In the first month of our sophomore year, he cut back to 4 sodas a day. After winter break (four months later), he cut back to 3 sodas a day. The summer before our junior year (six months later), he was down to 2 and by graduation, he was only drinking 3 sodas per week (and only when he ate out with his friends or family).
He cut his soda consumption by 12,600 cans per year. It took him two years to kick the habit, to gain control over it. Two years to change a mindset he knew would eventually kill him.
Though many of his adult teeth couldn’t be saved, he stopped damage to the others. He lost 75 pounds. It was the only change he made to his life. He didn’t change his eating plan, he didn’t exercise, and he didn’t take vitamins.
Now, I realize that sodas aren’t considered as dangerous as an opiate or tobacco addiction – but the end physical result for both are strangely similar. Both will lead to early mortality, raging health problems, and drastically affect how you look, feel, and think.
You can apply this technique to anything in your life. Adjust it to work for you. Know that you’re not looking for a miracle…just improvement. One day at a time, one minute at a time, until you reach that place where your negative mindset no longer controls your life.
If you overspend, give yourself a slightly smaller spending limit than what you spend now. Not what you can afford (because that’s not stopping your behavior now). Once you consistently stick to it, lower the amount. When you conquer the spending habit, move on to paying off your debt. Then to saving. It’s all about changing how you think.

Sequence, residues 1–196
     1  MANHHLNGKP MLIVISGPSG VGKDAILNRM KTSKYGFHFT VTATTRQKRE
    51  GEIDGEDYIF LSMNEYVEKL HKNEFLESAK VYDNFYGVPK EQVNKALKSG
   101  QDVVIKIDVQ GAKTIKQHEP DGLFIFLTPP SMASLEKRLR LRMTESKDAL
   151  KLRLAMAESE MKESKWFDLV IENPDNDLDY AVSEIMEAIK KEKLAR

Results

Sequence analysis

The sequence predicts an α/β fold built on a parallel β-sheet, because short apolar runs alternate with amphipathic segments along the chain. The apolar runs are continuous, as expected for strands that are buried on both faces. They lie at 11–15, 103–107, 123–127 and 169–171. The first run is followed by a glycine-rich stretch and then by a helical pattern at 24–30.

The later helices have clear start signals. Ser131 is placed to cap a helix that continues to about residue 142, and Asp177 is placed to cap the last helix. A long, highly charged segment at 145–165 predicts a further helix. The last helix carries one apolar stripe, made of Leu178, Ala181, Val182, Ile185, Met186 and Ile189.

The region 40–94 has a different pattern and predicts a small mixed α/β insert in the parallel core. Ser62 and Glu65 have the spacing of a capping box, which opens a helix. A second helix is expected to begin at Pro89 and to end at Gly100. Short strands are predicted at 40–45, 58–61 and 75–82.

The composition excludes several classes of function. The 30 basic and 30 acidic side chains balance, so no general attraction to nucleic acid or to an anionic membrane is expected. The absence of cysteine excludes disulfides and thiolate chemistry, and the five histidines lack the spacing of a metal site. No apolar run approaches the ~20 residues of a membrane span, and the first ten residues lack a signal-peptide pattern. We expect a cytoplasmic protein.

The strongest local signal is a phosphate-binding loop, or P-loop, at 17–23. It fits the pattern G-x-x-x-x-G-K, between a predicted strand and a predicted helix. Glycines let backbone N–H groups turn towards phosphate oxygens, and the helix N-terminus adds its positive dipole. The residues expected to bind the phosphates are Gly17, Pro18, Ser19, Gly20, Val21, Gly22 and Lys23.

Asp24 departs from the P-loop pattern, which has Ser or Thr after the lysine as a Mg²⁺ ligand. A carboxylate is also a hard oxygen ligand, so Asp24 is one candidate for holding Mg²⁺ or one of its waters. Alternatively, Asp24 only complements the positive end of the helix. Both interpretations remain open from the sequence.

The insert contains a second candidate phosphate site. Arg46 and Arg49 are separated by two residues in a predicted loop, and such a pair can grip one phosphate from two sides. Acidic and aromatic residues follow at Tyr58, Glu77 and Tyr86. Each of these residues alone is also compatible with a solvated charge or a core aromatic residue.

With alcohol, cut back your drinks by one. Just one drink less than what you usually consume. When you’ve stayed within your boundary for a few weeks, drop your goal by another drink.
This is the method my friend used and the method I’m also using for smoking. It’s also a great method for gradually lowering social media and television hours. Researchers now consider tanning (beds and laying out) an addiction (and responsible for 90% of skin cancers now) so this is another area where you can apply the step-down method.
Regarding toxic relationships, decrease the time or attention you give that person. Little by little, put that person/situation inside a fence. When you start realizing how much better you feel when you’re not around them, it’s going to be easier than you think to close the gate and seal them out of your life forever.
5 Simple Steps to Kicking Your Bad Habits for Good
- Identify your bad habit.
- Make a reasonable action plan to kick it.
- Be consistent, steady, but know there will be days you slip.
- Celebrate your milestones (no matter how small).
- Keep going. If you fail the first time…start again.
Most people can’t sustain extreme methods. It’s not that they don’t want to, it’s just hard sometimes to see around real life, daily stress, and that big elephant in the room that’s calling your name over and over.
Middle ground is okay. Slow progress is still progress. Be honest with yourself but also be kind. Being human means imperfection, moving in reverse now and again rather than forward.
That’s okay. Don’t give up.
One step at a time for as long as it takes to your first goal. Once you hit it, move the finish line. Repeat this process until you have control, until you have what you need.
Until you live the life you deserve…free of bad habits that make you mentally and physically ill.
Live your best life. It can start right now.Live your best life, it can start right now. Remove those bad habits and feel free of negativity.Click To Tweet
Shayne McClendon is an author and positivity practitioner. Shayne believes love crosses all boundaries, social castes, races, genders, and belief systems. If you are lucky enough to find soul-deep love, you should fight for it. Life-certified, reader approved.